Mechanical and Geological Controls on the Long-Term Evolution of Normal Faults
Jean-Arthur Olive, Ph.D., 2015
Mark Behn, Advisor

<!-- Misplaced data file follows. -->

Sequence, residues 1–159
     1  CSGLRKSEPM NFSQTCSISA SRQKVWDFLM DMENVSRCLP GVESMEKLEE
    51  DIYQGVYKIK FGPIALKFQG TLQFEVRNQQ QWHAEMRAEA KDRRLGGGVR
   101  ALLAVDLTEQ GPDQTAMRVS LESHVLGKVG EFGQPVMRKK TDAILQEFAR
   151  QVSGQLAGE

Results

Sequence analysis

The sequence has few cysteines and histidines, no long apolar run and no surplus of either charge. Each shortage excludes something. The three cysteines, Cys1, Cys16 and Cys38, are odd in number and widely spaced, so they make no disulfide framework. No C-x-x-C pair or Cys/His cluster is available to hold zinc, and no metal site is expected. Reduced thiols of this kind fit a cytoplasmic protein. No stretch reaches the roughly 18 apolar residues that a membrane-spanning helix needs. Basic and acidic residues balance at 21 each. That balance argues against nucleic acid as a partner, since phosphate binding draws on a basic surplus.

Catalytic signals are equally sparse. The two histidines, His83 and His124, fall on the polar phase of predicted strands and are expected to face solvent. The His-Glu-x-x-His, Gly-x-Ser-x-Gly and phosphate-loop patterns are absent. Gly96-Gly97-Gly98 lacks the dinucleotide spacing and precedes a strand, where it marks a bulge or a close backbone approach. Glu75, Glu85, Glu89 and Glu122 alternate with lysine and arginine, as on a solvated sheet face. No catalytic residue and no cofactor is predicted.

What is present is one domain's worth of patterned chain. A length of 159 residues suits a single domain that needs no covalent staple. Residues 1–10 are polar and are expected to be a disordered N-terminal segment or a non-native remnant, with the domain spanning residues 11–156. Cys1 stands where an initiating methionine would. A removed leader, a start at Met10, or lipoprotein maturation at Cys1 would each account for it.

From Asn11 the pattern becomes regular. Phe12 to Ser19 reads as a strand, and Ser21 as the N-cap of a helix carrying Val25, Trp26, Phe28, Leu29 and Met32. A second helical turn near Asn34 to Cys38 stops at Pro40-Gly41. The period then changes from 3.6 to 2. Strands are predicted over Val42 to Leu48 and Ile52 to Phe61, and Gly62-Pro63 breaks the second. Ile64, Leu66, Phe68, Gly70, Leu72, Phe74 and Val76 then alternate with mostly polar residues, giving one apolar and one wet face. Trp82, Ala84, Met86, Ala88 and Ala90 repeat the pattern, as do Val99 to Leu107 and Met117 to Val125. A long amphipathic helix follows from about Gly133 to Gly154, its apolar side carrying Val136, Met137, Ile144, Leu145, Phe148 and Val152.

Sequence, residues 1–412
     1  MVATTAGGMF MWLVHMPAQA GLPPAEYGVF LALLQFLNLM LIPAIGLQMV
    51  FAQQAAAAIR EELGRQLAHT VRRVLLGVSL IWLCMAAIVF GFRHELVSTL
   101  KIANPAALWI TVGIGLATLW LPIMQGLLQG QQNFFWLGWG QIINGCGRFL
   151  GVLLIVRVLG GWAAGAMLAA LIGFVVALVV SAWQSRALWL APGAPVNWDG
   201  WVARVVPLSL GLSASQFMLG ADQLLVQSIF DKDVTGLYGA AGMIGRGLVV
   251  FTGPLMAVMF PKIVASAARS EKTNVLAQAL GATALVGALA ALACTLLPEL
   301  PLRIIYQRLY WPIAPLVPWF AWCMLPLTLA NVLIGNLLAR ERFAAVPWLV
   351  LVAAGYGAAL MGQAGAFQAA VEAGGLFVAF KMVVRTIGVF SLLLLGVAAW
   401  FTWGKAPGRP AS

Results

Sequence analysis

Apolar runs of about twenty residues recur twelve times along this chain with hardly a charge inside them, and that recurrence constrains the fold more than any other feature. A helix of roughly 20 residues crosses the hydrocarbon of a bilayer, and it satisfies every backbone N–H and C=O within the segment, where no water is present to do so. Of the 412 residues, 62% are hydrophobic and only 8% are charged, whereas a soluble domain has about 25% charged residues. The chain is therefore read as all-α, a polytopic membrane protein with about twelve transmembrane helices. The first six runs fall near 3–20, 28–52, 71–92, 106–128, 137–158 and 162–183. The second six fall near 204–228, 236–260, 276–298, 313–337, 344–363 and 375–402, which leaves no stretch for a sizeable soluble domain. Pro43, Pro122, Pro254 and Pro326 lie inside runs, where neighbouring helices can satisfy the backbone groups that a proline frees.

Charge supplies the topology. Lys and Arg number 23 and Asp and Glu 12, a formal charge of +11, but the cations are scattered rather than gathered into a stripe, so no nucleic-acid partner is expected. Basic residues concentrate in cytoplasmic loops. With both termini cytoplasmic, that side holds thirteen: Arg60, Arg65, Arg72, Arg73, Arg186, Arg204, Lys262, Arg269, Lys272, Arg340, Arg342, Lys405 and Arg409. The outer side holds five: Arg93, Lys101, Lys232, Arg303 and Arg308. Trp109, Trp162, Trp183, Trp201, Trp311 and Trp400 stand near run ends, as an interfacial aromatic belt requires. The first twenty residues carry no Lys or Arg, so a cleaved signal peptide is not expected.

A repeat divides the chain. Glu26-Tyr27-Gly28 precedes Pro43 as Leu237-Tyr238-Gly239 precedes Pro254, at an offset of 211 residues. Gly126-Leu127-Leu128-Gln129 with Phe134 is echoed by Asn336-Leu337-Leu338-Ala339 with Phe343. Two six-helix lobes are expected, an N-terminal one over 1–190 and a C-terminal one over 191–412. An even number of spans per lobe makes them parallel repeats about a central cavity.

This thesis investigates the long-term evolution of rift-bounding normal faults in extensional environments. My main objective is to develop a theoretical framework that explains the controls on maximum fault offset in terms of a few key mechanical and geological controls. In Chapter 2, I propose that flexural rotation of the active fault plane enables faults to evolve along a path of minimal energy, thereby enhancing their life span. In Chapter 3, I show that surface processes can increase the life span of continental faults by reducing the energy cost of topography build-up. In Chapter 4, I focus on lithospheric bending induced by fault growth. I demonstrate that numerical models that treat the lithosphere as a visco-plastic solid properly predict fault evolution only when the rate-dependent viscous flexural wavelength of the lithosphere is accommodated within the numerical domain. In Chapter 5, I investigate the growth of normal faults in relation to a depth-variable rate of magma emplacement. These models predict both faulting styles and crustal architecture at slow mid-ocean ridges. Finally, in Chapter 6 I use a newly developed 3-D numerical model to establish a relation between along-axis fault continuity and spatial heterogeneities in lithospheric thickness at a ridge segment.